Do you have any loose ends to tie up? Any subplots that need resolving, mysteries to be explained, identities to be revealed Scooby-Doo style? Like I said above, once you’ve impacted the reader with the emotion of the win, getting to THE END as quickly as possible is usually best for everyone. Every page she has to turn after that risks diluting the emotional high she paid for in the book price and hours invested in reading.

(It’s probably obvious that I don’t believe in epilogues. Epilogues that do not advance the series are most often gratuitous frolicking in the story world for an author who just doesn’t want to let go yet. Some readers also don’t want to leave the story world and these characters, and enjoy a drama-free scene of martial bliss 9 months later or whatever. Put it on your website and give those readers a reason to check that out and look at your other projects. The only epilogue type I favor is one with the purpose of dropping a seed that will grow into the next book. Horror movies are good at that type of final scene, but then, making you uncomfortable is the point of a horror movie. And making you feel WIN! is the point of romance, IMO.)

What’s your Happily Ever After moment? You’ve just saved the world from a monstrous, soul-sucking demon from hell? What are you going to do next? This is where you give the protagonist her reward, or the clear promise of it, for all her hard work through the story. Because what’s harder than changing and growing? Sometimes part of this moment in your story is about your protagonist realizing what she’s learned and how she’s changed, especially in stories for younger readers who expect that moral of the story, -what we’ve learned from this after school special- type moment. Often stories end with a punch line. This isn’t so much a joke (although it is often humorous and further breaks reader tension) as a bit of an emotional punch, and is often particularly affected when it is seeded throughout the story in some way.

It seems like we’re done (except for writing), but I still have at least one more thing I want to talk about. Tomorrow I’m going to talk about Battling Threads in your story, and how you might consider dealing with your subplots. Even if you don’t plan to add a subplot, there are still threads of different types that weave in and out of your main action story, and it’s important not to leave them hanging or let them grow into a tangle that impedes your main plot.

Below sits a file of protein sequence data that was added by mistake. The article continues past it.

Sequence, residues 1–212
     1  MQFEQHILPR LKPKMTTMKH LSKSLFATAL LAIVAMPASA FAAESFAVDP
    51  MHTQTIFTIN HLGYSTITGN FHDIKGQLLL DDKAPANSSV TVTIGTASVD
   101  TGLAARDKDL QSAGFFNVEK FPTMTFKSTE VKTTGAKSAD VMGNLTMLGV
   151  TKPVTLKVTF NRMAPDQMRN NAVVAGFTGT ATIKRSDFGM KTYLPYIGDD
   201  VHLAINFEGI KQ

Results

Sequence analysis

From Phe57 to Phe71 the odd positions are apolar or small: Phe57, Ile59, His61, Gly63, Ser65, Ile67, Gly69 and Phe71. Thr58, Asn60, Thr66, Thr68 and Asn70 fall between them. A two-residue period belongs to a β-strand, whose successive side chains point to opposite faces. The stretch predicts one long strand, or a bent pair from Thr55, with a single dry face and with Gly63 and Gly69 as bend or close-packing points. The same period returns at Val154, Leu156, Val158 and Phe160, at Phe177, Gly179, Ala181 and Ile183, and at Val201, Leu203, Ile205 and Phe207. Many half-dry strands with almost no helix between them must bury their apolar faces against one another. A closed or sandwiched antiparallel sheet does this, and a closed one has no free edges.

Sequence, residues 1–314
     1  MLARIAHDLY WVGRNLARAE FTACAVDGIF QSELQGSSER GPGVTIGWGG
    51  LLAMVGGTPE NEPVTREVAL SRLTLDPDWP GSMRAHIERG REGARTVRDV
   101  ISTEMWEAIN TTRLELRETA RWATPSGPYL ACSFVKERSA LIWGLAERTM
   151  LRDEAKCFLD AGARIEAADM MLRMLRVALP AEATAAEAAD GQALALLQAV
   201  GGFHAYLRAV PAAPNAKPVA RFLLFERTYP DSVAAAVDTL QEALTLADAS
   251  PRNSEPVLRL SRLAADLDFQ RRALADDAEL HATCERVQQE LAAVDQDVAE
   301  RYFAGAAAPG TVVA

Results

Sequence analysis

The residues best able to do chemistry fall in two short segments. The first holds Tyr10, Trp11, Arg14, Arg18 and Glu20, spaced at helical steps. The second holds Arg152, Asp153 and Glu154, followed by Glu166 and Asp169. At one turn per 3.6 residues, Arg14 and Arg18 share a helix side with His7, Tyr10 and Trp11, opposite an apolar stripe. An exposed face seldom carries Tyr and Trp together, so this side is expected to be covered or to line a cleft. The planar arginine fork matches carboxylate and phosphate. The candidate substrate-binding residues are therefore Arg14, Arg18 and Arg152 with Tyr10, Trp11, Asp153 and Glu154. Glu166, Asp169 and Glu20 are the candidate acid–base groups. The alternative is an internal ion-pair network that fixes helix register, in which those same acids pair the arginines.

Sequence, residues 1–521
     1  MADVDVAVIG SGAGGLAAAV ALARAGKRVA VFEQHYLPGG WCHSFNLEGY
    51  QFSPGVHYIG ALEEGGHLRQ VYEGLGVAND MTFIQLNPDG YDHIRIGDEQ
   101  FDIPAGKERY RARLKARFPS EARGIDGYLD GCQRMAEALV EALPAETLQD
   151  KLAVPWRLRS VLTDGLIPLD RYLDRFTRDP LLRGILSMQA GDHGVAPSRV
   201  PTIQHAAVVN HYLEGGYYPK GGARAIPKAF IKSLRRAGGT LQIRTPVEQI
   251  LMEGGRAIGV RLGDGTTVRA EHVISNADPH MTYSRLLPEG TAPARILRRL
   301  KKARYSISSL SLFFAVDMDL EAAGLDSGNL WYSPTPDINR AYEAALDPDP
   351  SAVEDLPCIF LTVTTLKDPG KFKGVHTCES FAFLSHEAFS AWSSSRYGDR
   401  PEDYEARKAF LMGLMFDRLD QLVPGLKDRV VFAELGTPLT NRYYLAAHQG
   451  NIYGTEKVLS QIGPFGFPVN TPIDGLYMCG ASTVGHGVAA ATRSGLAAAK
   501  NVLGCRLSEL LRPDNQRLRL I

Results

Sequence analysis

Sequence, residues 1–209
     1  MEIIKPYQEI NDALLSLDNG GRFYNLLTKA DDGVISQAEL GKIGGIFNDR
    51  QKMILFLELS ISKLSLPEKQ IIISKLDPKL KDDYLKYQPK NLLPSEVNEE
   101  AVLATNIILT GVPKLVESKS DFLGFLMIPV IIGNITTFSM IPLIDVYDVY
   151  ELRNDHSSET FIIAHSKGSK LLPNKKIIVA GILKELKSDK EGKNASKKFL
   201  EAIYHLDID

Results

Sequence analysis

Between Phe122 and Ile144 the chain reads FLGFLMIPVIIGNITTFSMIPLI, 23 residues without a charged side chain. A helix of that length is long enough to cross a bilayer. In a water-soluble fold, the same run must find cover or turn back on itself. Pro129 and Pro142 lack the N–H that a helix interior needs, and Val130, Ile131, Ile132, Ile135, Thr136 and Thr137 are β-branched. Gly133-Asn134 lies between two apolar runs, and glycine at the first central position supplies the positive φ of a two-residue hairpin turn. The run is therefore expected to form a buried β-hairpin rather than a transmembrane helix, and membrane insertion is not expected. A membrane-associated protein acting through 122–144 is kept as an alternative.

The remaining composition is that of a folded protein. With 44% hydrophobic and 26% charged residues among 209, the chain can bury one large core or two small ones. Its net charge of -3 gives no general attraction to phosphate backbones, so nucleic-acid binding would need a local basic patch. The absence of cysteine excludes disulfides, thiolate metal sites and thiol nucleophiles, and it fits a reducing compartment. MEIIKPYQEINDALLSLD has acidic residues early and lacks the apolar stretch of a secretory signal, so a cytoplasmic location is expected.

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Filed under Blueprint, romance, story structure, tips, tools, what not to do, writing

Blueprint Series Part 9: Fleshing Out Part 1

Thanks for visiting part 9 of the series. We’re really going to start fleshing out your story this week. In keeping with the 4-part structure we’ve been discussing, we’ll be going over one story section each day and working on some of the things that will help you build your outline. I’ve added a section into the Blueprint that deals with following up with your different threads and subplots. Check the download page to get the latest version. And if you’re just finding the series, click here for part 1.

Step 9: Part 1

  1. What is the hook or question that happens within the first few scenes?
  2. How will you introduce the hero? What will allow the reader to connect with the hero?
  3. How will you introduce the heroine? What will allow the reader to connect with the heroine?
  4. When and how do the hero and heroine meet?
  5. What is the theme(s) of the story?
  6. How will you allude to the theme(s) in Part 1?
  7. What events will you foreshadow and how?
  8. What are the hero’s inner demons? How will you show that?
  9. What are the heroine’s inner demons? How will you show that?
  10. What’s at stake for the hero? When the FPP happens what does he have to gain and lose?
  11. What’s at stake for the heroine? When the FPP happens what does she have to gain and lose?
  12. Are there other characters introduced in Part 1 who will continue through the story? List them, their relationships to the characters, their functions in the story.